Cutler’s 33 Straight Bourbon Whiskey comes to us by way of Cutler Artisan Spirits in Santa Barbara, CA but they do not distill it. However, unlike many NDPs in the bourbon world, they openly state it on the left side of the bottle: “Blended in small batches from a limited number of hand selected barrels. Sourced from a quiet barrel house in the heart of America’s back country, 33 Bourbon Whiskey is carefully blended and bottled by hand at Cutler’s Artisan Distillery.” Honesty… how refreshing.
True we don’t know exactly where it comes from, but the part about “America’s back country” got my brain working. When I first tried this I thought of Roughstock and Montana would definitely be considered back country. But then so are parts of Indiana where MGP, who only distills for other people, is located. But then so is Kentucky and there are aspects of this that make me think of Woodford Reserve. It’s a mystery for sure, but at least it’s a properly declared mysetry.
Cutler’s 33 Straight Bourbon Whiskey info
Bottler: Cutler’s Artisan Spirits
Cask: New charred oak
Age: 6 years
Cutler’s 33 Straight Bourbon Whiskey Review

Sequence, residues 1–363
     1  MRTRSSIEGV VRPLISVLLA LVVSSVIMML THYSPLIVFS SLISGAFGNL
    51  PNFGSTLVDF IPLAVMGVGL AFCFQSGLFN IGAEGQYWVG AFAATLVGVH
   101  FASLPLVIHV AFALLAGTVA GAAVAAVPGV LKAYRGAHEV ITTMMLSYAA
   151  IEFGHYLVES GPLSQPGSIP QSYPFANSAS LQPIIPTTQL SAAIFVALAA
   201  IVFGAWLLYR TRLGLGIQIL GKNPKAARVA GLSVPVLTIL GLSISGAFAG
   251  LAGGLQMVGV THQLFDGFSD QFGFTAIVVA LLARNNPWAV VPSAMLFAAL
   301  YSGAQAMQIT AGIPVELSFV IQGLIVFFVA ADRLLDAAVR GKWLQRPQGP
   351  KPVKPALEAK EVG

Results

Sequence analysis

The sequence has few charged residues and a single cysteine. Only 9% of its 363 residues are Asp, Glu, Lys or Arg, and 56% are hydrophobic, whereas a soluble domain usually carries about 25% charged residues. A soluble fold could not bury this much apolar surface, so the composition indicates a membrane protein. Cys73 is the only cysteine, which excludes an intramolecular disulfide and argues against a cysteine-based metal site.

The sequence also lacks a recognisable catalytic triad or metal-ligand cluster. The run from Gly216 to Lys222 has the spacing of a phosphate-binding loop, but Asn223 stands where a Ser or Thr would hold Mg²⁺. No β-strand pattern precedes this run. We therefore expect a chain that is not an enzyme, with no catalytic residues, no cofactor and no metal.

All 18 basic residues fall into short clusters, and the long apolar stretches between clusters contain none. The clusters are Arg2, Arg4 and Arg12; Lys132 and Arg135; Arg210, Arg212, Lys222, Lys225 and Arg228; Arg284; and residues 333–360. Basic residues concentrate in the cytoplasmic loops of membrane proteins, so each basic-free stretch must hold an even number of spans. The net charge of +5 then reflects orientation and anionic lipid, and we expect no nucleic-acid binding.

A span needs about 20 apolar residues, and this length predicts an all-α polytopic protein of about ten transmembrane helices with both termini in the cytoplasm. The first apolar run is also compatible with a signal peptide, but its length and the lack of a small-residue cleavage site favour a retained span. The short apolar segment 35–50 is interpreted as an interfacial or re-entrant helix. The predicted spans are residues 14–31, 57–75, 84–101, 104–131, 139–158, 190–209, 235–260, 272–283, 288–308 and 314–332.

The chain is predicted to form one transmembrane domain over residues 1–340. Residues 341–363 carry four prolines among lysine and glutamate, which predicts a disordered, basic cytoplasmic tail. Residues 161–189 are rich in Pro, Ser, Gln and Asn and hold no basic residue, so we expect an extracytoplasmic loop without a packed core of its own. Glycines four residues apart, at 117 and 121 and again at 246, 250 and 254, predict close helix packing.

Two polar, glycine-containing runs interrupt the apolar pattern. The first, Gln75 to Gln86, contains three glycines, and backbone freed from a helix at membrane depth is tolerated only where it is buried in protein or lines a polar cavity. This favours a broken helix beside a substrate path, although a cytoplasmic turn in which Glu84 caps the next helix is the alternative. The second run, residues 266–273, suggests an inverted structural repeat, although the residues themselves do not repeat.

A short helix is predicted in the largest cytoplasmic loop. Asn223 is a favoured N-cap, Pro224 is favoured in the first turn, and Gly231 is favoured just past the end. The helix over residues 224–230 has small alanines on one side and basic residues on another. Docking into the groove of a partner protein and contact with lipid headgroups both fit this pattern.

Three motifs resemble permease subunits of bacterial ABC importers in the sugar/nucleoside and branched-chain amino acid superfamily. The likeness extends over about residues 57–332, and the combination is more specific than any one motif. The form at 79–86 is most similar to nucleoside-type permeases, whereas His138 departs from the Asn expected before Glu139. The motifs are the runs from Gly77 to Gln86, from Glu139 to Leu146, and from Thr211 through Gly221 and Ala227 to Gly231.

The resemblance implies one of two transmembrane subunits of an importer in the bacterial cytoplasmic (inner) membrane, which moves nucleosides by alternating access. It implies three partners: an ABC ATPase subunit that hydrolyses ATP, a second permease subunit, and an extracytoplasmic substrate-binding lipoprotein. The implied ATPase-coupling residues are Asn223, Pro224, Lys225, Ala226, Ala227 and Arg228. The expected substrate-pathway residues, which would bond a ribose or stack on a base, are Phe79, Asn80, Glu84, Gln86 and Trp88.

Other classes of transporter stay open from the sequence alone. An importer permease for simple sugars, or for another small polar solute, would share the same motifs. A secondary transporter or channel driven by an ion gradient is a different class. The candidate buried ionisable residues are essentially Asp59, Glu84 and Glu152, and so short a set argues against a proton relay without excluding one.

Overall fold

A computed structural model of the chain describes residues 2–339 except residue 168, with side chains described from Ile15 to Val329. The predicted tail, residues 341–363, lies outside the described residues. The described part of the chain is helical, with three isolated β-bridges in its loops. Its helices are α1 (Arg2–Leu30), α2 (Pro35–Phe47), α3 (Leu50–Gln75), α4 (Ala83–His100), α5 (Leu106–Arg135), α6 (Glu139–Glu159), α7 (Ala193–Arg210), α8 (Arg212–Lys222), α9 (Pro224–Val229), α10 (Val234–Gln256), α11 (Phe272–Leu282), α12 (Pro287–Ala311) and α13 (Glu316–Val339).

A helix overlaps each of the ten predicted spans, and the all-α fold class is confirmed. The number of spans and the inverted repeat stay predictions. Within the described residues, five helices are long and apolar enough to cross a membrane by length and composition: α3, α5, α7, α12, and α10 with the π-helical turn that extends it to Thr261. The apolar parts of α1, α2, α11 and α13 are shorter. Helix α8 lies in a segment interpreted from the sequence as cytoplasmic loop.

Corn, caramel, pecan pie and apples followed by some light fruit, an odd amount of grainy maltiness that reminds me of the Roughstock Montana Pure Malt. Add a bit of spice and you have yourself a nice smelling whiskey.
Caramel, baking spices, corn, vanilla and a light orchard fruit make it taste kind of like a fruit pie with a corn crust. There is a warm dark sweetness running through it and that same Roughstock-like maltiness from the nose is back, adding a unique and delightful dimension to it.
Caramel, corn, spice and some more of that grainy maltiness make for a nice slow fade that’s completely enjoyable.
BALANCE, BODY & FEEL
Smooth and easy with a nice balance and medium body.
Cutler’s 33 Straight Bourbon Whiskey is not quite as rich and complex as other bourbons that can be found in the 4-8 year range, but it’s pleasant to sniff and sip and that definitely counts for something. I do wish we knew exactly where it was being sourced from, but at least they aren’t claiming to have distilled it and it isn’t priced at something truly ridiculous like $60. It’s a decent bourbon and the strangely high malt-like quality gives it a little something different. Which is a long way to say that it’s definitely not a bad bourbon, but there are bourbons out there I like more for about the same price.